- Global Community Increasing Efforts To Stop Spread Of Drug-Resistant Malaria In SE Asia
IRIN: Stepping up the fight against drug-resistant malaria in SE Asia
“Efforts are being scaled up to stem a further spread of drug-resistant malaria in Southeast Asia. ‘The emergence of resistance … threatens worldwide malaria control and treatment since there is no alternative to [artemisinin] if its efficacy decreases further and the resistance spreads outside the region,’ wrote the Global Fund to Fight AIDS, Tuberculosis and Malaria, which is providing some US$150 million for malaria prevention and elimination programs in the Greater Mekong sub-region within the next two years…” (2/20).
- News Outlets Continue Coverage Of Study Showing Meningitis Vaccine Needs No Refrigeration
News outlets continue coverage of a new study showing a meningitis vaccine remains stable and effective without refrigeration.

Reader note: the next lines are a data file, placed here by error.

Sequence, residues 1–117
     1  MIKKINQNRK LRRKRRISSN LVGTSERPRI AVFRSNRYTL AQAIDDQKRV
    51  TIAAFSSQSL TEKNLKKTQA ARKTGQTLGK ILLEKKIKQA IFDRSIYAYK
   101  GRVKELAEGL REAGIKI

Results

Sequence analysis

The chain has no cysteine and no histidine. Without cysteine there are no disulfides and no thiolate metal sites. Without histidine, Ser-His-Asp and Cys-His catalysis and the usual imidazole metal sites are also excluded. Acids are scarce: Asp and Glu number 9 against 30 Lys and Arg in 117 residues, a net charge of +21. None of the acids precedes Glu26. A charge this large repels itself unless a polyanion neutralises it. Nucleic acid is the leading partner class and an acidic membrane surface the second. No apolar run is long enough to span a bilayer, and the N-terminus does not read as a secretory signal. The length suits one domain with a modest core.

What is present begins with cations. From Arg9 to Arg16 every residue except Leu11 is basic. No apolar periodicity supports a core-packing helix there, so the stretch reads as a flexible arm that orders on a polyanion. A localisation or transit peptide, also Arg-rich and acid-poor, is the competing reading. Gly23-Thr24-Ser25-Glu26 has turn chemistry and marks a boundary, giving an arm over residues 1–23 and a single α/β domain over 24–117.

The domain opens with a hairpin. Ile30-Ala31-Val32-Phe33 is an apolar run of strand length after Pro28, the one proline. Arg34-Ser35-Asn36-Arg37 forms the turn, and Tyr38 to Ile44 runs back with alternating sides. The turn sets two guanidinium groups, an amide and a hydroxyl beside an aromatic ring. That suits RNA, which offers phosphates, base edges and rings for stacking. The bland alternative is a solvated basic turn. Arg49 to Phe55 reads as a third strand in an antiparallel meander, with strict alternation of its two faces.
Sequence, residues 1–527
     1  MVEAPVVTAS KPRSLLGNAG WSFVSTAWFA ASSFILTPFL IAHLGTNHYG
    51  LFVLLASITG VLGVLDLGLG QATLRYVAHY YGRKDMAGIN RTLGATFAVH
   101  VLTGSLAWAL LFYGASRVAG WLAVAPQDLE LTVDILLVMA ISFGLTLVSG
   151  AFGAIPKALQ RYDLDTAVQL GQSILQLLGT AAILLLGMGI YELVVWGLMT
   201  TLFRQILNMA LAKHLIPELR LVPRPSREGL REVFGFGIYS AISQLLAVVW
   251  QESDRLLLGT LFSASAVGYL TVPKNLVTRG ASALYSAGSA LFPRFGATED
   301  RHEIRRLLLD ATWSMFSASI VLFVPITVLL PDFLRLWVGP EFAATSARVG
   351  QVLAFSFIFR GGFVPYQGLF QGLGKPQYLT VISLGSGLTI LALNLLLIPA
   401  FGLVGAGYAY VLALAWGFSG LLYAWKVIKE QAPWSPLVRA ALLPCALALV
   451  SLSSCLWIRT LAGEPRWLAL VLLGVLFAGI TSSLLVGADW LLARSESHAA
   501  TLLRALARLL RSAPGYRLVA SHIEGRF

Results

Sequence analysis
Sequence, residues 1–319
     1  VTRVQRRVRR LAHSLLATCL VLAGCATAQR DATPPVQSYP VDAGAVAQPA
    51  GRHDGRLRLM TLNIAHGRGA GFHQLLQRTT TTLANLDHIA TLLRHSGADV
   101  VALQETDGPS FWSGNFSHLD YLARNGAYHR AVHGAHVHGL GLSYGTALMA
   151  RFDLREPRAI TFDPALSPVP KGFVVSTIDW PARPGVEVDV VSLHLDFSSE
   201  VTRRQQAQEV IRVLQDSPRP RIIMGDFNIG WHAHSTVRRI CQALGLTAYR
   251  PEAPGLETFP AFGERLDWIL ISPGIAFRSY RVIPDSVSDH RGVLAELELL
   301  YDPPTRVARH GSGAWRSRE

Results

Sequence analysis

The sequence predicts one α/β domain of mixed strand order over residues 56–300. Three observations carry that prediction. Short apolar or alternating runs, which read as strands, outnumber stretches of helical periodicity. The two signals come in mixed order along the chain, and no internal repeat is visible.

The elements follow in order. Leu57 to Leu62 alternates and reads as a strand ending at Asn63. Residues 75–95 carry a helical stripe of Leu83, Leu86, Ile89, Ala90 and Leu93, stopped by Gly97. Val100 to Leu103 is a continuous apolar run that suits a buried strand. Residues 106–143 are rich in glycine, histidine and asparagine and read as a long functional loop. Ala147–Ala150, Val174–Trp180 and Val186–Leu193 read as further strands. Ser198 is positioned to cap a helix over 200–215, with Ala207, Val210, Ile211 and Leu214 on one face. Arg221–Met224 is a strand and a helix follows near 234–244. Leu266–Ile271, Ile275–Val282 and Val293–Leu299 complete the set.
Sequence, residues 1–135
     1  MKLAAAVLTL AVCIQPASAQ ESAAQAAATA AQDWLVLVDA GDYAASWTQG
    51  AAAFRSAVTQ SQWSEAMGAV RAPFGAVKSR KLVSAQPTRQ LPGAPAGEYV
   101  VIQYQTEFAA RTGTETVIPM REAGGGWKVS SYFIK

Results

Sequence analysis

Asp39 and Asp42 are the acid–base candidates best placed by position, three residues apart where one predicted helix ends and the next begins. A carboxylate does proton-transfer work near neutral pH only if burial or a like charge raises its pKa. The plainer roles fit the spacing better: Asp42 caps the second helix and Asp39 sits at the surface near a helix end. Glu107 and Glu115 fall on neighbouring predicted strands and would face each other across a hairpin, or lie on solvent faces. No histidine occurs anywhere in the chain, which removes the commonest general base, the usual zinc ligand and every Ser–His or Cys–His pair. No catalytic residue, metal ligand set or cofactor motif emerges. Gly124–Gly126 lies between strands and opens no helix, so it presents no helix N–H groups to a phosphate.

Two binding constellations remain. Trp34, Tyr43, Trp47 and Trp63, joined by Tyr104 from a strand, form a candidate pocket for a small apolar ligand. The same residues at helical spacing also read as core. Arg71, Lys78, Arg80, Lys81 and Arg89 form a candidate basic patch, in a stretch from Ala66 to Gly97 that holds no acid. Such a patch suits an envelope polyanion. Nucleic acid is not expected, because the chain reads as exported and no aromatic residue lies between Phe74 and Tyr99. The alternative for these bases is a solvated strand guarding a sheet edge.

IRIN: Meningitis vaccine out of the cold
“A pilot meningitis A immunization campaign targeting more than 155,000 people in Benin with a vaccine that does not require constant refrigeration has demonstrated clear benefits, enabling wider reach, more efficient administration and potential cost reduction, researchers say…” (2/20).
Thomson Reuters Foundation: Benin trial shows vaccine need not be kept cold, can cost less
“Research has shown that a meningitis A vaccine can survive high temperatures for up to four days, and could therefore reach more people in remote areas across the African continent and cost half as much as it does now, a paper in the scientific journal Vaccine reported on Wednesday…” (Hussain, 2/19).